Syntax: {email:cc}

Variable: date (The date and time that the message was received)
Syntax: {email:date}

Variable: from (The email address of the email’s author)
Syntax: {email:from}

Variable: in-reply-to (The message ID of the message that the email is a reply to)
Syntax: {email:in-reply-to}

Variable: message-id (The unique identifier of the message)
Syntax: {email:message-id}

Variable: received (The tracking information generated by mail servers, including the date and time that the message was received)
Syntax: {email:received}

Variable: references (The message ID of the message that the email is a reply to and the message ID of the message that the previous reply was a reply to, etc.)
Syntax: {email:references}

Variable: sender (The IP address of the sender)
Syntax: {email:sender}

Variable: subject (The message’s subject line)
Syntax: {email:subject}

Variable: to (The email address(es) of the message’s receipient(s))
Syntax: {email:to}


Variable: fullname (File name and extension)
Syntax: {file:fullname}

Variable: name (The file name (up to the last period and not including the file extension))
Syntax: {file:name}

Variable: ext (The file extension (file name starting from the last period and going to the end))
Syntax: {file:ext}

Variable: size (The size of the file (in bytes))
Syntax: {file:size}


Variable: DesktopDirectory (i.e., C:\Users\username\Desktop)
Syntax: {fs:DesktopDirectory}

Variable: Personal (i.e., C:\Users\username\Documents)
Syntax: {fs:Personal}

Variable: ProgramFiles (i.e., C:\ProgramFiles)
Syntax: {fs:ProgramFiles}

Variable: LocalApplicationData (i.e., C:\Users\username\AppData\Local)
Syntax: {fs:LocalApplicationData}

Variable: ApplicationData (i.e., C:\Users\username\AppData\Roaming)
Syntax: {fs:ApplicationData}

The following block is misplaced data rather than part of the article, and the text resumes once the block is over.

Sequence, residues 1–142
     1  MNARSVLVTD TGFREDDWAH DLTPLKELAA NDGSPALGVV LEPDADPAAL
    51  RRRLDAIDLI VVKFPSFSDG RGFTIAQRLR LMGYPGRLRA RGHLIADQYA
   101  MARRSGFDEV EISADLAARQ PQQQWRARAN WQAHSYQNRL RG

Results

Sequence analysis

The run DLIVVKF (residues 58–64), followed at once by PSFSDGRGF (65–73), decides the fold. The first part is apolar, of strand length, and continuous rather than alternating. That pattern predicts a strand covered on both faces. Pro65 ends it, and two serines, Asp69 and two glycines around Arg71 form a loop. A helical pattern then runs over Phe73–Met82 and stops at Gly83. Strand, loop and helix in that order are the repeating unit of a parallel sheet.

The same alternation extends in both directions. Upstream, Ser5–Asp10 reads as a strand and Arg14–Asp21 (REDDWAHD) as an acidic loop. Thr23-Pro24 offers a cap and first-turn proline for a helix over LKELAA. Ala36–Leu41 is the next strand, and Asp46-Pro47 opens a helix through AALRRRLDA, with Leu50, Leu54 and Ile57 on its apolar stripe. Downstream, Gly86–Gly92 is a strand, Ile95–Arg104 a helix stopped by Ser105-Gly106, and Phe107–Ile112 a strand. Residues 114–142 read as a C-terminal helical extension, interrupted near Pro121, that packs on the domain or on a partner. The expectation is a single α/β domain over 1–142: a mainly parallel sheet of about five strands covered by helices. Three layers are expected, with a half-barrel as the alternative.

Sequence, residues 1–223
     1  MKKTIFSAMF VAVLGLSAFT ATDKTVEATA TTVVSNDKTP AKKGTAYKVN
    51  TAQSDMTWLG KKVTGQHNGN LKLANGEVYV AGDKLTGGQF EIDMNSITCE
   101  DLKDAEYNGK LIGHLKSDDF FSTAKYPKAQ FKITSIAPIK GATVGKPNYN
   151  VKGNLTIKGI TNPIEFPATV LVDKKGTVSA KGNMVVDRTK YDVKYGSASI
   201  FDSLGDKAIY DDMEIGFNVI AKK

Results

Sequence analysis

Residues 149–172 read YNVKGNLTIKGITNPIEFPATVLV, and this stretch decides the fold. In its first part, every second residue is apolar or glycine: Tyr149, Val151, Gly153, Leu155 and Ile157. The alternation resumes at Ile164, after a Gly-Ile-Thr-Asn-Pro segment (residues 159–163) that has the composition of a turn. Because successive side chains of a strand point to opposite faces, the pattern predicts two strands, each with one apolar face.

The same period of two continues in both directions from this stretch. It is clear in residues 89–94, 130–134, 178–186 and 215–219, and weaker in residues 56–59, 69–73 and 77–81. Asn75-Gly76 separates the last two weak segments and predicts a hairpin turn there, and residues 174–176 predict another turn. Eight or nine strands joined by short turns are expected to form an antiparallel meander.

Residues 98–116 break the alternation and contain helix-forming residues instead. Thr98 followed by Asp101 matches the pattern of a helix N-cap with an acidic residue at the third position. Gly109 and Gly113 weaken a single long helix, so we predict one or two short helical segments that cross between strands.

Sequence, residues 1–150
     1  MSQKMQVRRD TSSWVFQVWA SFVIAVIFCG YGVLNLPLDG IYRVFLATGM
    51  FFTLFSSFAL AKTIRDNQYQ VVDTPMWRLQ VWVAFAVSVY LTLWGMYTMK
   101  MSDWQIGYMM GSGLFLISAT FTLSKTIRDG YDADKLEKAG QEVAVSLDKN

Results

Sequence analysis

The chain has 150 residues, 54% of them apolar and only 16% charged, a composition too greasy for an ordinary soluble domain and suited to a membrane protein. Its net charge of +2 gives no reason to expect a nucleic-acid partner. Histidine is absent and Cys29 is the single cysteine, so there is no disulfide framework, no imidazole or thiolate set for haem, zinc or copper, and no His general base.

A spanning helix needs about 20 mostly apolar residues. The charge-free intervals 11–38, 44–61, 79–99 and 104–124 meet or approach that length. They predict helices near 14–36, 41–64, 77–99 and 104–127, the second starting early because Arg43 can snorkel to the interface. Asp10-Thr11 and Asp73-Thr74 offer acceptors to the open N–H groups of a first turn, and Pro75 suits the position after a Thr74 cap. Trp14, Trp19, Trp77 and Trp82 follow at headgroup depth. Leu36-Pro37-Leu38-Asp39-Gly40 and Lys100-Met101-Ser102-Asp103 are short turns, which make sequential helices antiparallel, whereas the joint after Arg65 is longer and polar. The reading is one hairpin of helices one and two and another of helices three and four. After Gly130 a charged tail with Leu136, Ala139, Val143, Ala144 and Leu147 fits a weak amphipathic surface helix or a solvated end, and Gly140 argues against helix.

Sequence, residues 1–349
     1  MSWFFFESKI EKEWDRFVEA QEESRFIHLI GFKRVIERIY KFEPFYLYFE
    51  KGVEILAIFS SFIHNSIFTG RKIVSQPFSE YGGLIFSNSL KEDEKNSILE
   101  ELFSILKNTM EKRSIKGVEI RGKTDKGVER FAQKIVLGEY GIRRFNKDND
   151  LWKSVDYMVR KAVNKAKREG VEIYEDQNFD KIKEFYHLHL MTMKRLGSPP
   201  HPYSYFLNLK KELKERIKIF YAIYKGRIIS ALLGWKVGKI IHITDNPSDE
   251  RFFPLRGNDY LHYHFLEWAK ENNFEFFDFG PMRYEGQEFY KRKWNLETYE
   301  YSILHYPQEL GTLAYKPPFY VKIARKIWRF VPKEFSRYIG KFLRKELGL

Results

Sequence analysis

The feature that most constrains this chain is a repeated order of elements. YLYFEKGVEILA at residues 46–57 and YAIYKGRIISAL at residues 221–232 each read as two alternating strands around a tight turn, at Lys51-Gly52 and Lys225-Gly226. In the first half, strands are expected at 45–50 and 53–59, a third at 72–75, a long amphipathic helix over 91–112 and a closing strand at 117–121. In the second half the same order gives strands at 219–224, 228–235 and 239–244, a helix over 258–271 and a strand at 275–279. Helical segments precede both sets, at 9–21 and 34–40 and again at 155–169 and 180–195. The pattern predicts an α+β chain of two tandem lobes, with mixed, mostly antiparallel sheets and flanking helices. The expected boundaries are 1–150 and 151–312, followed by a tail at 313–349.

Variable: CommonApplicationData (i.e., C:\ProgramData)
Syntax: {fs:CommonApplicationData}

Variable: CommonProgramFiles (i.e., C:\Program Files\Common Files)
Syntax: {fs:CommonProgramFiles}

Variable: System (i.e., C:\Windows\System32)
Syntax: {fs:System}

Variable: MyPictures (i.e., C:\Users\username\MyPictures)
Syntax: {fs:MyPictures}

Variable: MyMusic (i.e., C:\Users\username\MyMusic)
Syntax: {fs:MyMusic}

Variable: Favorites (i.e., C:\Users\username\Favorites)
Syntax: {fs:Favorites}

Variable: History (i.e., C:\Users\username\AppData\Local\Microsoft\Windows\History)
Syntax: {fs:Favorites}

Variable: Programs (i.e., C:\Users\username\AppData\Roaming\Microsoft\Windows\Start Menu\Programs)
Syntax: {fs:Programs}

Variable: Recent (i.e., C:\Users\username\AppData\Local\Microsoft\Windows\Recent)
Syntax: {fs:Recent}


Variable: host (Machine name)
Syntax: {lpr:host}

Variable: jobname (Original file name)
Syntax: {lpr:jobname}

Variable: jobnumber (Unique number of print job)
Syntax: {lpr:jobnumber}

Variable: print (File name as submitted during protocol)
Syntax: {lpr:print}

Variable: queue (Queue name specified)
Syntax: {lpr:queue}

Variable: source (Name of source file)
Syntax: {lpr:source}

Variable: user (Level of logged-in user)
Syntax: {lpr:user}

Variable: user (Level of logged-in user)
Syntax: {lpr:user}


Variable: from (The sender’s mailbox (not necessarily the sender’s email address). The mailbox address is wrapped in angle brackets (e.g., <>))
Syntax: {smtp:from}

Variable: rcpt (The destination mailbox, one per recipient at the time of receipt. This will be set for all of the To, CC, and BCC mailboxes.)
Syntax: {smtp:rcpt}


Variable: domain (The Windows domain name)
Syntax: {user:domain}

Variable: name (Windows logged-in user name )
Syntax: {user:name}

Metadata Groups

The following metadata groups are created as page-level metadata:


Variable: {annotate:variable}

Syntax: {annotate:variable[<page>]}

Example: {annotate:date[5]} - Finds the ‘date’ metadata on the 5th page

Advanced Bates Stamp

Variable: {bates:variable}

Syntax: {bates:variable[<page>]}

Example: {bates:counter[3]} - Finds the ‘counter’ metadata on the 3rd page

Advanced OCR

Variable: {ocr:zone.variable}

Syntax: {ocr:zone.variable[<page>]}

Example: {ocr:name[]} - Finds the ‘name’ zone in the document

Barcode Processing (Standard)

Variable: {bar1:zone.variable}

Syntax: {bar1:zone.variable[]}

Example: {bar1:zone.128[2]} Finds the ‘128’ zone on the 2nd page

Barcode Processing (2D)

Variable: {bar2:zone.variable}

Syntax: {bar2:zone.variable[]}

Example: {bar2:zone.128[2]} Finds the ‘128’ zone on the 2nd page